Highlights From TikTok CEO Chew Shou Zi’s 4-Hour Grilling By US Congress
On Thursday (23 Mar), Congress grilled TikTok CEO Chew Shou Zi on various aspects.
The Singaporean CEO not only survived but also managed to thrive and keep a straight face even when asked the most basic of questions.
His composure has won him a legion of fans online, both Singaporean and non-Singaporean alike.
Here are 6 of these moments from the session.
1. How does WiFi work
Perhaps in a bid to cover every base over whether TikTok is a national security threat, Republican Congressman Richard Hudson asked, “Does TikTok access the home WiFi network?”
After a confused second processing the question, Mr Chew replied, “Only if the user turns on the WiFi.”
Congressman Hudson then followed his query by asking if TikTok would “access other devices on [a home] WiFi network”.
“Congressman, we do not do anything that is beyond industry norms,” Mr Chew said, indicating that the answer is likely a “no”.
2. He’s Singaporean
Mr Chew was responding to a question from Texas congressman Dan Crenshaw regarding whether “TikTok employees in China” like Mr Chew have to comply with a Chinese intelligence law.
“Congressman, first, I’m Singaporean.”
3. Chew Shou Zi’s children aren’t on TikTok
According to the TikTok CEO himself, his children do not use TikTok as they’re not old enough to meet the age limit for the app.
“My kids live in Singapore, and they do not have the under-13 experience. If they lived here in the United States, I would let them use the under-13 experience.”
In the US, kids get a special restricted version of TikTok, which isn’t available in other regions.
Asked about the reason that TikTok doesn’t have the same mechanism elsewhere, Mr Chew said, “In principle, we want to provide a good experience for users in general. We don’t want to monetise from people who are under 13.”
4. American social companies don’t have a good social record with data privacy
Asked about what TikTok does with user data, Mr Chew fired back with a shot that’ll have you grinning.
“With a lot of respect, American social companies don’t have a good track record with data privacy and user security — I mean, look at Facebook and Cambridge Analytica.”
Cambridge Analytica had harvested millions of users’ data from Facebook, prompting Congress to grill Facebook CEO Mark Zuckerberg over user data security.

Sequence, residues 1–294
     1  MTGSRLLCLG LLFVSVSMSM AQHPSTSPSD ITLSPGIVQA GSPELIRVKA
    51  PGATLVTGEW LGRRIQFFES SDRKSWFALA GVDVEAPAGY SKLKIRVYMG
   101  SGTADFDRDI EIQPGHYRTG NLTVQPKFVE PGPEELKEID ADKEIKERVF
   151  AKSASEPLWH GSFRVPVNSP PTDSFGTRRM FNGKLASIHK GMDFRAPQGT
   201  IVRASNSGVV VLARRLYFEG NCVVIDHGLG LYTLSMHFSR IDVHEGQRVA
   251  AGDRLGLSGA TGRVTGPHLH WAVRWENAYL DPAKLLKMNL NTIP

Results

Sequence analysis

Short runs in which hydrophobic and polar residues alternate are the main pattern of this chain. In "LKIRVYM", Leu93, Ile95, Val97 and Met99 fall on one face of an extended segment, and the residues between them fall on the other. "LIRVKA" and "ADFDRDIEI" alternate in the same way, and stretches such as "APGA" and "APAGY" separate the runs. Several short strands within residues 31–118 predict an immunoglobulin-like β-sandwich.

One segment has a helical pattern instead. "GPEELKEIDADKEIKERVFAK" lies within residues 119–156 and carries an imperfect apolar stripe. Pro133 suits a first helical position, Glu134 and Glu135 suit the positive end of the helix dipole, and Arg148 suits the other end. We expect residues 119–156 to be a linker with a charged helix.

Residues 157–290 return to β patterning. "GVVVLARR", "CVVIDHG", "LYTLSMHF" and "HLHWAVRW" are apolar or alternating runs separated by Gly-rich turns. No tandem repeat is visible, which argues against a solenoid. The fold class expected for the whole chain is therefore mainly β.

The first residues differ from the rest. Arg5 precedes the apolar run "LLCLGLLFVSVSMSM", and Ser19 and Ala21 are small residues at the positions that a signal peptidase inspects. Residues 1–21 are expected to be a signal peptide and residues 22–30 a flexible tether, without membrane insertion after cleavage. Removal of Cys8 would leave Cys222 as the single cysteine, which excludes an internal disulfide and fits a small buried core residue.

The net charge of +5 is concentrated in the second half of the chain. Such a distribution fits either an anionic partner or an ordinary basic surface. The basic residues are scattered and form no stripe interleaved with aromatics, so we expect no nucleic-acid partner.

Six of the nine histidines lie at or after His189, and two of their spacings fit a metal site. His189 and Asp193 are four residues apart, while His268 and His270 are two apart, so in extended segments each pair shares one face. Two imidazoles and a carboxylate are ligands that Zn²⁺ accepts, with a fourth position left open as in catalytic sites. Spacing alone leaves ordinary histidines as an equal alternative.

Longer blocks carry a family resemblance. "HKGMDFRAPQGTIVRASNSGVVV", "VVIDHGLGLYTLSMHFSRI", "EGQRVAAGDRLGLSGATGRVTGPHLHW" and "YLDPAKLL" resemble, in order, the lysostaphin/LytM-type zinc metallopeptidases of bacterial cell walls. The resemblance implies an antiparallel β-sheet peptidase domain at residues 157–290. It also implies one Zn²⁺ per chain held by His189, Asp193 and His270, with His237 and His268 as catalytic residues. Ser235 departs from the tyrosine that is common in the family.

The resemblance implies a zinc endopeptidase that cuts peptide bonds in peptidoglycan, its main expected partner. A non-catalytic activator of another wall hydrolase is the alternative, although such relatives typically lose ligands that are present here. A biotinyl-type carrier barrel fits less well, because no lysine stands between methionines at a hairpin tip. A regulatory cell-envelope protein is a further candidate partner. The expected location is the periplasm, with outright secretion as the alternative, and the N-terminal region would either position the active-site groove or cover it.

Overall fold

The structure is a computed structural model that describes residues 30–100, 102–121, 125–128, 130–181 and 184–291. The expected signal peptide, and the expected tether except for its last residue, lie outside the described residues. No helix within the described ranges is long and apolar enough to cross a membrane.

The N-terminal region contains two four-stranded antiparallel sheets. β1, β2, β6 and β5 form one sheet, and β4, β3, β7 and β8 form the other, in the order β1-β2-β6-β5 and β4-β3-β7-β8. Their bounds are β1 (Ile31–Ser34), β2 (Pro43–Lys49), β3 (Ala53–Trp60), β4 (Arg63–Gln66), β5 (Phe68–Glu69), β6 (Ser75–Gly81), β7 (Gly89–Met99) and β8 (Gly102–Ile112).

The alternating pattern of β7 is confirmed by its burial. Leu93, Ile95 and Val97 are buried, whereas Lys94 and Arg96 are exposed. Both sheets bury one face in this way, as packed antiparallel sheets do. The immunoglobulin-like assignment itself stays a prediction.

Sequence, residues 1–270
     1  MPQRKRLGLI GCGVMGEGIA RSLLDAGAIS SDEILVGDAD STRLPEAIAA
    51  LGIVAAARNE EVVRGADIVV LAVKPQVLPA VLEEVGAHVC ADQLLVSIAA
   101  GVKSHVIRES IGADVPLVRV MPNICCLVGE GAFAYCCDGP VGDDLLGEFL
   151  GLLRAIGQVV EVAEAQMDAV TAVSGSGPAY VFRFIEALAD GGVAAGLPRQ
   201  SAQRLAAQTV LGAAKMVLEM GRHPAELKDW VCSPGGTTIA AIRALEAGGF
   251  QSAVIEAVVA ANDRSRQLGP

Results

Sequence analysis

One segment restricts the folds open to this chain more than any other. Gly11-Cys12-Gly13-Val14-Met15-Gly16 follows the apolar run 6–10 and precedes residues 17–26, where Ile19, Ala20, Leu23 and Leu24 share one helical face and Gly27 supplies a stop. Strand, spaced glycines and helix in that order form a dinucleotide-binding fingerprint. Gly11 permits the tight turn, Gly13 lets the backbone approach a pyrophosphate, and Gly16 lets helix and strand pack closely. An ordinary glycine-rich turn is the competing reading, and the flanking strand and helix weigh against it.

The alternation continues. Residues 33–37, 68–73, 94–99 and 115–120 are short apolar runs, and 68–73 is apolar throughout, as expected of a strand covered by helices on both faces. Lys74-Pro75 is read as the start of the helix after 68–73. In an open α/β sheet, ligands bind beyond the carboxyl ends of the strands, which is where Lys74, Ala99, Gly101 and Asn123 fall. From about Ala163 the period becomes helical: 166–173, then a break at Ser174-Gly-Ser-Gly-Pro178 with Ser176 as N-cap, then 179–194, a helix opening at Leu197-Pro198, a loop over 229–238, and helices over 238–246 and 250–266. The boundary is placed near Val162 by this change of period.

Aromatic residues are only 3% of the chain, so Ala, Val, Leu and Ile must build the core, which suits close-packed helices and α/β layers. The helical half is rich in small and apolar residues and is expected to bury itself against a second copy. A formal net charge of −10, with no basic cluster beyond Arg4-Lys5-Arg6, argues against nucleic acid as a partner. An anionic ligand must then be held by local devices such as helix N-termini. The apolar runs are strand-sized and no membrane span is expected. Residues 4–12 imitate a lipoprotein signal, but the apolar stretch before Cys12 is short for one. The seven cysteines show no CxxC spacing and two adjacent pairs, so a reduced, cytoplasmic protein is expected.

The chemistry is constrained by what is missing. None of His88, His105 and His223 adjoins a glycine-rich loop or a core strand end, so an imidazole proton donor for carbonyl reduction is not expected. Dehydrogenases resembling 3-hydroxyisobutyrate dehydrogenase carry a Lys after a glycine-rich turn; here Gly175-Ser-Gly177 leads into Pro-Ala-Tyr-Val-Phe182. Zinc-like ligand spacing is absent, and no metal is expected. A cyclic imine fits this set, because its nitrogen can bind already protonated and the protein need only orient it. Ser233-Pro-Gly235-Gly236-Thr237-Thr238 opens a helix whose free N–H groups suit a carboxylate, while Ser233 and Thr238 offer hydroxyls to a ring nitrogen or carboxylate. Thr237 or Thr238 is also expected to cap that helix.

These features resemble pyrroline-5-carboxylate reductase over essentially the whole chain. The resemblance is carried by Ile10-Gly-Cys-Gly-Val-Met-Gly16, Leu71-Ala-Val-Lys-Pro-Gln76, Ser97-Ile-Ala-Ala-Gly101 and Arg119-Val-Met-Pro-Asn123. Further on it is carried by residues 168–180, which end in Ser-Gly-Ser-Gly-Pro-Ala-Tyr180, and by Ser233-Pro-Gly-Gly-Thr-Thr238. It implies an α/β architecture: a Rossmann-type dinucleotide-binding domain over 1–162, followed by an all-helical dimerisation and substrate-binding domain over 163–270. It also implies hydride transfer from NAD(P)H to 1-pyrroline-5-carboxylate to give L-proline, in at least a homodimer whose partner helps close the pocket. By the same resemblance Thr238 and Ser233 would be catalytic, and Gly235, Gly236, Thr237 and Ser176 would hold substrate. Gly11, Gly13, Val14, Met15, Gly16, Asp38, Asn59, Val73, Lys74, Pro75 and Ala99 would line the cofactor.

5. Refer to his opening statement
In response to Minnesota congresswoman Angela Craig’s question, “How is it that you can convince us that our privacy is not at risk and more than that our kids’ privacy is not at risk in this country?” Mr Chew simply responded, “In my opening statement.”
A mic-drop moment, if we have ever seen one.
6. Why do we need to know where eyes are
Mr Chew said TikTok does not collect body, face, or voice data to identify users.
However, it does want to know where your eyes are so that it can give you filters like sunglasses. The data is stored locally and deleted later, he said.
Then, someone asked, “Why do you need to know where the eyes are, if you’re not seeing if they’re dilated?” in response.
Given Mr Chew had just explained, the question appears to suggest some hidden motive for tracking where eyes are.
Somewhat confused, Congressman Earl “Buddy” Carter then asked how TikTok determines users’ age.
Age gating, according to Mr Chew. TikTok also goes through a user’s public posts to determine if they’re the age they stated.
Apparently, the latter is “creepy” to the congressman.
Taking popularity in stride
After Mr Chew survived the four-hour grilling session in Congress, he posted a video on the TikTok channel, reiterating his promises.
Our CEO Shou shares his thoughts about the recent congressional hearing and everything TikTok is doing to make it a safe place to connect, create, share and learn.
They include safety, especially for teenagers, as a top priority and protecting data from unauthorised foreign access.
But we get the feeling many people watched the video for Daddy TikTok instead.
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Featured image adapted from Reddit.
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